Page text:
A CCN is therefore set up by a set of organizations which have a common continuing interest in providing, paying for or otherwise supporting care for a common population. (Note how this is different from one of the more common justifications for HIE, the anecdote in which the presenter with a broken leg had to hand-carry his X-rays to his PCP, or some such.) Members of the common population generally have a related set of complex types of health issues:  Age-related complex conditions, alcoholism/substance abuse, etc. A CCN might therefore be part of an ACO infrastructure, but I think it can also be its own niche – as long as the financial incentives line up.

Either way, complex conditions require specialties and specialized facilities which are rarely found in an integrated organization – and probably aren’t available at all for patients in a community residential setting – CCN participants need properly adapted HIE agreements which enable care coordination information exchange. Such agreements probably need to be “tighter” than some of the documentation used for some utility model and other relatively “open” HIEs, especially if there are financial incentives or penalties at stake. And of course much of the information to be exchanged is PHI, so HIPAA is implicated.

CCN agreements and policies therefore do need to be developed with careful consideration of the ways the CCN is intended to be used. While most of the purposes for which CCN information is exchanged will be related to treatment, payment or health care operations in some way, and so won’t have to be supported by patient authorization, some probably will not. CCNs should probably also support various kinds of regulatory reporting and related analysis, and while much of this  may also be possible without authorization, again some may not. And of course there are all the issues related to the CCN HIE operator’s status, as a Business Associate or conduit but in any case as a crucial keystone which needs to be managed and maintained.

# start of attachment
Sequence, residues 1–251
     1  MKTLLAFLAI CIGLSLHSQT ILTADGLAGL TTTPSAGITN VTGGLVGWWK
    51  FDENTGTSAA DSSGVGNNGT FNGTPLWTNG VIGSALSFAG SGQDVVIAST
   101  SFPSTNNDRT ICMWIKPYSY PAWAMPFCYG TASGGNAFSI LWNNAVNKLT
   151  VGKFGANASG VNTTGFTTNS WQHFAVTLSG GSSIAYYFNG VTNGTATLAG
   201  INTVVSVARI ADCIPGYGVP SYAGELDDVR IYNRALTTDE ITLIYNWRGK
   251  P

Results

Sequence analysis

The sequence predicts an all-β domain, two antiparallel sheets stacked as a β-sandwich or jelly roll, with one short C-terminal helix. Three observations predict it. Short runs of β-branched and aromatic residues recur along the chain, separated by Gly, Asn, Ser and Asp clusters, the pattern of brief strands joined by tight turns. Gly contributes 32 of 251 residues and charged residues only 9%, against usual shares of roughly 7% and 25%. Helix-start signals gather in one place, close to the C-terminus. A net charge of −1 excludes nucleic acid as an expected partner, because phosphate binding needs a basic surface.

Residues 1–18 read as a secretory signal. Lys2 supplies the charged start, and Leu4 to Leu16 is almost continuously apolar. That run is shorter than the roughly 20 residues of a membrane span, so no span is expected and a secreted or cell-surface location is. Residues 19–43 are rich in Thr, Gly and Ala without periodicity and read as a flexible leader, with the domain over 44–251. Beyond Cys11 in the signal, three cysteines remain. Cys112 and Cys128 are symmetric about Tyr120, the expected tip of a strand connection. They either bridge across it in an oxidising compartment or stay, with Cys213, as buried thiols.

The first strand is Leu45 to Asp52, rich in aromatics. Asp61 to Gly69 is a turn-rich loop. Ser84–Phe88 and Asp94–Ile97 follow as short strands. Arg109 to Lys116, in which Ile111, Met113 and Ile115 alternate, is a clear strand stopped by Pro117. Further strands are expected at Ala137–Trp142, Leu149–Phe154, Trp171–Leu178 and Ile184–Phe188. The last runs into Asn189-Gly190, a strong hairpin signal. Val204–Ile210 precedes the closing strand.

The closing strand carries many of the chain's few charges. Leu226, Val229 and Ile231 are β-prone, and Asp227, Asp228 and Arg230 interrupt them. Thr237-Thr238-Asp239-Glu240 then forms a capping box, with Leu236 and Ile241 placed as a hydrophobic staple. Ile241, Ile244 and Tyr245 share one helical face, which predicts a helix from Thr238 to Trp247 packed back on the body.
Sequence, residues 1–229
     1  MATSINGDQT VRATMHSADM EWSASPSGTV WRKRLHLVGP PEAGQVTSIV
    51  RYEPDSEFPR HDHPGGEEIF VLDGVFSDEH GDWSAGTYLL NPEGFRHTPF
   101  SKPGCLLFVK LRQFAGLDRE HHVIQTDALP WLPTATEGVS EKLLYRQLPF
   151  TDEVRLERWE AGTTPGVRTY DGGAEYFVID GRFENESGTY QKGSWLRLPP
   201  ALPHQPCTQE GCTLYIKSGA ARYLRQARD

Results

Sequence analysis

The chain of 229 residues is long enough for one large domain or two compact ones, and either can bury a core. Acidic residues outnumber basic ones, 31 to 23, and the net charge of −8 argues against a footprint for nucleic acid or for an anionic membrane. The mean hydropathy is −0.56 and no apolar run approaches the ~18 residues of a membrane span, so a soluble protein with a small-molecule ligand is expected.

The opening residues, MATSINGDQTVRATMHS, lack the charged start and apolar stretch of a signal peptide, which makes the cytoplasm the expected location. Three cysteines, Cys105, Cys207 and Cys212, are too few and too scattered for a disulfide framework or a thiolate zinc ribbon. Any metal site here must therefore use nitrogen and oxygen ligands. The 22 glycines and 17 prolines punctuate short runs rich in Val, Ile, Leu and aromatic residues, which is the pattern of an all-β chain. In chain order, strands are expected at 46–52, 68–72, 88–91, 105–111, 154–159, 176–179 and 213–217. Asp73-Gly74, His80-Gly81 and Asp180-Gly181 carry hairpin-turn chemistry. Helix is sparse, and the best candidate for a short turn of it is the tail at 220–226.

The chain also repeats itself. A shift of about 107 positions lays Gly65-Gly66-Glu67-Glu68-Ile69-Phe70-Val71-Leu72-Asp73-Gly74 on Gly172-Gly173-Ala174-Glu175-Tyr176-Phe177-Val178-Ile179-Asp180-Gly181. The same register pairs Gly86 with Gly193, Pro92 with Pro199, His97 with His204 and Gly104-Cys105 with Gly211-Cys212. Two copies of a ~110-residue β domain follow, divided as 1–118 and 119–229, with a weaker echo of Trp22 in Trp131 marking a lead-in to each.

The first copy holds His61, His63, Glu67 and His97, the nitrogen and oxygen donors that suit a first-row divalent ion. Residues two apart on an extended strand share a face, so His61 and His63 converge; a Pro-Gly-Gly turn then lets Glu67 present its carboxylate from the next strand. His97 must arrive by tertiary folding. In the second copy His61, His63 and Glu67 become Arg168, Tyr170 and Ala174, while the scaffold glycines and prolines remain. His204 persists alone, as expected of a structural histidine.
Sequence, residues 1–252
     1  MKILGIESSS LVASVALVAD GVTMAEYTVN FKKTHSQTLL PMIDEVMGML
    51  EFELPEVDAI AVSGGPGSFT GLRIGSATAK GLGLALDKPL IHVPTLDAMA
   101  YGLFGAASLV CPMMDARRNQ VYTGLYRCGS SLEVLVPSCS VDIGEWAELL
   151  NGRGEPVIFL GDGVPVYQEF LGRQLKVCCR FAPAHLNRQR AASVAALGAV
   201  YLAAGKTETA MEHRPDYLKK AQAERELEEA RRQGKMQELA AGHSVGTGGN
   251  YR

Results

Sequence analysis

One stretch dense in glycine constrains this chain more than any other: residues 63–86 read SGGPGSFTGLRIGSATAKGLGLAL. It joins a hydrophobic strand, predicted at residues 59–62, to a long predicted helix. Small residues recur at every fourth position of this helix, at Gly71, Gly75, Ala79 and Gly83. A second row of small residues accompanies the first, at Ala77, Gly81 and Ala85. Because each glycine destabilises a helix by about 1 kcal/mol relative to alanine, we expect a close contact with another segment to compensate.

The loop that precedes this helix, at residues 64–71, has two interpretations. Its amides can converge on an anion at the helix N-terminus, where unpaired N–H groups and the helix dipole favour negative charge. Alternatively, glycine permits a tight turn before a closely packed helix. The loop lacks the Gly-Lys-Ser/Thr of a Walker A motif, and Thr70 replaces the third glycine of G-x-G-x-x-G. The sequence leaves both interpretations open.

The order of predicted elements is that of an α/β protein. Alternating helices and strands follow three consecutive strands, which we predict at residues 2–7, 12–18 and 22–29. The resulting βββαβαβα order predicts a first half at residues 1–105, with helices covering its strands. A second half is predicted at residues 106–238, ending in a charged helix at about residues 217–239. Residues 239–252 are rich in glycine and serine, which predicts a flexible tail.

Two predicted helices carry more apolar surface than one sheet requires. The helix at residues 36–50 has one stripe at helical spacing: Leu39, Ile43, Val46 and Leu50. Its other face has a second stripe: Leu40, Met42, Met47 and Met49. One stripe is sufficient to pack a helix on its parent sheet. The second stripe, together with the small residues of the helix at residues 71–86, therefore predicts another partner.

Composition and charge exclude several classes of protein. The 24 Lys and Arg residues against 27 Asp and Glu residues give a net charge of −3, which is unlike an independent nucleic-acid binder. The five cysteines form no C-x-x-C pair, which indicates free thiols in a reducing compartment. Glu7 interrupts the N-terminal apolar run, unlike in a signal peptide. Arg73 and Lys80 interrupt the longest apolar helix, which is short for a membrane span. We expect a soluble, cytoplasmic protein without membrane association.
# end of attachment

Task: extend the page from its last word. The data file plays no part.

One of the more interesting developments I’m seeing is the creation of rules engines and other decision support tools of value in care coordination. Knowledge management for complex conditions is a major sleeper issue in health care liability which will inevitably become a significant potential malpractice issue sooner or later – I’ve got an article in the works on changing medical standards of care in an age of EHRs, HIE, decision-support and web services – and this kind of tool can be of great value if it is properly designed and really works. Having said that, one of the better ways to design CCN tools is by analysis of CCN transactions and patterns, which probably entails use or disclosure of PHI – which perhaps isn’t part of treatment, payment or health care operations, under most (though maybe not all) conditions.

So to sum up: I hope the CCN trend I’m seeing portends a real advance in HIE usage, for genuinely valuable uses. But as with so much – everything? – in health IT, it needs to be approached with careful analysis and good documentation. After all, the road to security breaches and HIPAA civil monetary penalties is paved with good intentions . . .